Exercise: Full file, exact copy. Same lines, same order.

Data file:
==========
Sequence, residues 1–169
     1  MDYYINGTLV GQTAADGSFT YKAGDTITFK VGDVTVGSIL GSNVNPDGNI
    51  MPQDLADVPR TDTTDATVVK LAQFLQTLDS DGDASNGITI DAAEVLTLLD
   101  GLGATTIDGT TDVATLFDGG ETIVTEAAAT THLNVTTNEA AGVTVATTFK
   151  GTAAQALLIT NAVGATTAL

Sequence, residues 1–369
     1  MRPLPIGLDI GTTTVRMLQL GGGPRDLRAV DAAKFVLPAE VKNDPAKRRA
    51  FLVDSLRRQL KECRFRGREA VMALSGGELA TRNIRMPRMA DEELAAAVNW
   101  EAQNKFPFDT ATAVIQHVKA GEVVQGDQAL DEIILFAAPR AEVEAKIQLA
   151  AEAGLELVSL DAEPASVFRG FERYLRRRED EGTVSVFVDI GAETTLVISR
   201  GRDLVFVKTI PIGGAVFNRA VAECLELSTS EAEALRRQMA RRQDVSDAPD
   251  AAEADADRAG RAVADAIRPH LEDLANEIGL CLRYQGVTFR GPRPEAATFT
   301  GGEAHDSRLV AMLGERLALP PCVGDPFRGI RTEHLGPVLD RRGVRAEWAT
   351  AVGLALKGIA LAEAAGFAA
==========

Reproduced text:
Sequence, residues 1–169
     1  MDYYINGTLV GQTAADGSFT YKAGDTITFK VGDVTVGSIL GSNVNPDGNI
    51  MPQDLADVPR TDTTDATVVK LAQFLQTLDS DGDASNGITI DAAEVLTLLD
   101  GLGATTIDGT TDVATLFDGG ETIVTEAAAT THLNVTTNEA AGVTVATTFK
   151  GTAAQALLIT NAVGATTAL

Sequence, residues 1–369
     1  MRPLPIGLDI GTTTVRMLQL GGGPRDLRAV DAAKFVLPAE VKNDPAKRRA
    51  FLVDSLRRQL KECRFRGREA VMALSGGELA TRNIRMPRMA DEELAAAVNW
   101  EAQNKFPFDT ATAVIQHVKA GEVVQGDQAL DEIILFAAPR AEVEAKIQLA
   151  AEAGLELVSL DAEPASVFRG FERYLRRRED EGTVSVFVDI GAETTLVISR
   201  GRDLVFVKTI PIGGAVFNRA VAECLELSTS EAEALRRQMA RRQDVSDAPD
   251  AAEADADRAG RAVADAIRPH LEDLANEIGL CLRYQGVTFR GPRPEAATFT
   301  GGEAHDSRLV AMLGERLALP PCVGDPFRGI RTEHLGPVLD RRGVRAEWAT
   351  AVGLALKGIA LAEAAGFAA